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Meet The Revolution Daniel Sieh

May is Asian American and Pacific Islander Heritage Month, and to mark the occasion, Museum Gallery Interpretation Manager Tyler Putman recently sat down with Daniel Sieh in our latest Meet the Revolution exploring the voices, viewpoints, and experiences of the diverse people of the Revolutionary era. Sieh discussed his work bringing Asian and Asian American history to the forefront and his ongoing research on the role Asian people played in the American Revolution.

To dive deeper, read Sieh's guest blog post as he explores how the story of Charles Peters provides a fascinating window into the contributions made by Asian people to the American Revolution.

Chow Manderien Gravestone in Boston
This tombstone in Boston reads, "Here lies interred the body of Chow Manderien, a native of China, aged 19 years, whose death was occasioned on the 11th of Sept 1798 by a fall from the masthead of the ship Mike of Boston. This stone erected to his memory by his affectionate master John Boit Jr."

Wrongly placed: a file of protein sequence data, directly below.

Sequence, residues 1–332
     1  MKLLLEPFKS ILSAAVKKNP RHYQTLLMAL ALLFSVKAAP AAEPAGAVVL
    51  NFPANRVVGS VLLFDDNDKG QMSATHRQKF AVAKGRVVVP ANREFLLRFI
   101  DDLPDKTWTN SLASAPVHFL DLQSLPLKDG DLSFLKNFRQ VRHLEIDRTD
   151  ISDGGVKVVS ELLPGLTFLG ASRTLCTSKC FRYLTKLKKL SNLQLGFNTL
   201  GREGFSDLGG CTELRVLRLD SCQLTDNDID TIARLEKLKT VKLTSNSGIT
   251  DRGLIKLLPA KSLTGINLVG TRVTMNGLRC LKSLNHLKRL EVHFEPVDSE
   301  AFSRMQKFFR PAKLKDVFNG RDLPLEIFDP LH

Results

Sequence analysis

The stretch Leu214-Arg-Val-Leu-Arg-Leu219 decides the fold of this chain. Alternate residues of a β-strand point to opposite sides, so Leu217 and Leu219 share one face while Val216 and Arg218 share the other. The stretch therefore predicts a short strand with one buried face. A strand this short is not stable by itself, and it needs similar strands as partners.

You can read more about the life and death of 19-year-old Chow, whose story is mentioned in the interview above, over at the New England Historical Society.

Meet the Revolution is an ongoing series of costumed living history programs that explore the voices, viewpoints, and experiences of the diverse people of the Revolutionary era.

About Daniel Sieh

Daniel Sieh Headshot

Daniel Sieh is a historical reenactor and history buff bringing Asian and Asian American history to the forefront. Follow his work @daniel.see.1781 on Instagram.

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George Dance Drawing of an 18th-Century Chinese Man
© The Trustees of the British Museum 

Looking Through the Silk Screen: Asian People in the American Revolution

Historian Daniel Sieh explores how the story of Charles Peters provides a fascinating window into the contributions made by Asian people to the American Revolution.
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Image 102320 Meet Revolution Noah Lewis Ned Hector
 

Meet the Revolution: Noah Lewis

Historical interpreter Noah Lewis discusses his portrayal of Edward "Ned" Hector, a free African American man and soldier who fought in the Revolutionary War.
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Image 102320 Meet Revolution Kalela Williams Occupied Moaroccupy 28sept2019
 

Meet the Revolution: Kalela Williams

Historical interpreter Kalela Williams discusses the character she portrays – an African American teacher in Philadelphia in the 1790s.
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